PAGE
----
Unlike telephony, email is not a real-time mode of communications, so the expectations are different in terms of prioritizing responses. There can be many reasons why your email isn’t answered, and a lot of time and energy gets expended trying to resolve these loose ends.
There’s a lot to like and not like about email, and this creates a real dilemma. Many of us would love to cut back on our email habit, but few are willing or able to stop using it entirely. This is where the comparisons with desk phones start to diverge. Mobility and PC-based VoIP offer alternatives to desk phones, so telephony continues to get used. The primacy of voice may be changing for some, but as a communications mode, voice isn’t broken.
With email, however, there really is no substitute to take its place. You could replicate email’s utility in a piecemeal manner, using a mix of chat, messaging, file sharing, etc., but that’s a lot of work. As well, there’s no guarantee you could work as productively since all the good things about email work very well together. It would be great if there was only some way to keep email pure and block out the rest.
Is there a better way?
We’re past the point of returning to a simpler time when there were caps on how many emails we could keep, and we only got purposeful, work-related messages. Today, that’s the minority of what clogs up our inboxes, and that makes email a chore for many. Being free, our expectations can’t be high in the first place, so this is the inevitable outcome. There’s only so much businesses can do to control what comes to your inbox, and employees value their privacy too much to have others dictate what messages come through.
Adding all this up, it’s easy to conclude that there must be a better way. There is definitely a problem here that needs addressing, but we’re not ready to move en masse off of email. While we live with its many flaws, and management deplores how it can be a drag on productivity, it’s still an indispensible everyday work tool.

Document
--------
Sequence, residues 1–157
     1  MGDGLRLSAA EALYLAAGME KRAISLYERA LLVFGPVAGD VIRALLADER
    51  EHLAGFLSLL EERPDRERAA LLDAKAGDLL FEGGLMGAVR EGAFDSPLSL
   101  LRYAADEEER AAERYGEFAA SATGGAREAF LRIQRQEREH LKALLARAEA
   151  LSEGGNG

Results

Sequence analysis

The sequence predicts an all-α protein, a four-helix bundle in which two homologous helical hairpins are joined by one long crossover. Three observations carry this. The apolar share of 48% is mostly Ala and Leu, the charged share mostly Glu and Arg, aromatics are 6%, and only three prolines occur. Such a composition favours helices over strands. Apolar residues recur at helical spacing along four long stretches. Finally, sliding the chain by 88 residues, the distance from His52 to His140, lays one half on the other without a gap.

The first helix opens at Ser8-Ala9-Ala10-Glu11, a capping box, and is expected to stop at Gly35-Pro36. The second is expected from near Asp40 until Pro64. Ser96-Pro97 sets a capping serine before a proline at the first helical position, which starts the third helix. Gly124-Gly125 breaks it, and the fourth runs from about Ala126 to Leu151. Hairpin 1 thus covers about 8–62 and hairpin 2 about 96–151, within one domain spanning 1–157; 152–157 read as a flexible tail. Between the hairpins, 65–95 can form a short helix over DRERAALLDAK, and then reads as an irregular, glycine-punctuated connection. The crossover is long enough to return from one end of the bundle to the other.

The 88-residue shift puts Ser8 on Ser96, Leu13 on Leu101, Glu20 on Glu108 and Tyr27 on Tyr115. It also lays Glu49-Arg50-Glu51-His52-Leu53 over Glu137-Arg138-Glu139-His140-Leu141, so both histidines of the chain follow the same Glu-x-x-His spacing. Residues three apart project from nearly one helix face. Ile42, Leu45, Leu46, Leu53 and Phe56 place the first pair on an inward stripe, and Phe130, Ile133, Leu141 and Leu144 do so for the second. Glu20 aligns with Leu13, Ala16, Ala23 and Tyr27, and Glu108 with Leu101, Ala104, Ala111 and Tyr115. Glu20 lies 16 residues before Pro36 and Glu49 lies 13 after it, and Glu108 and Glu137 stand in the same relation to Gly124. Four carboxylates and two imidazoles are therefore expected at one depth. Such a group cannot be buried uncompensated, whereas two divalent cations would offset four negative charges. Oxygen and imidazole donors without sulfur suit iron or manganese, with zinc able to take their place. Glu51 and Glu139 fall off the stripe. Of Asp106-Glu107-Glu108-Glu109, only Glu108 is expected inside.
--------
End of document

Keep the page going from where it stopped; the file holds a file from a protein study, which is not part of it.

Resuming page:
The short answer is that there is a better way – but only to address certain types of problems. For this to work, however, the path will be different than telephony, since there is no singular substitute. What’s needed instead is a different approach to working, especially around collaboration. In other words, the solution isn’t just about better technology – as is the case with telephony – but it also entails employees changing behaviors and adapting to different ways of working. This is a much taller order, but in the collaboration space, progress is being made, and I’ll scope that out in my next column.
Jon Arnold is principal of J Arnold & Associates, an independent telecom analyst and marketing consultancy with a focus on IP communications, and writes the Analyst 2.0 blog. Previously, he was the VoIP program leader at Frost & Sullivan.
Edited by Stefania Viscusi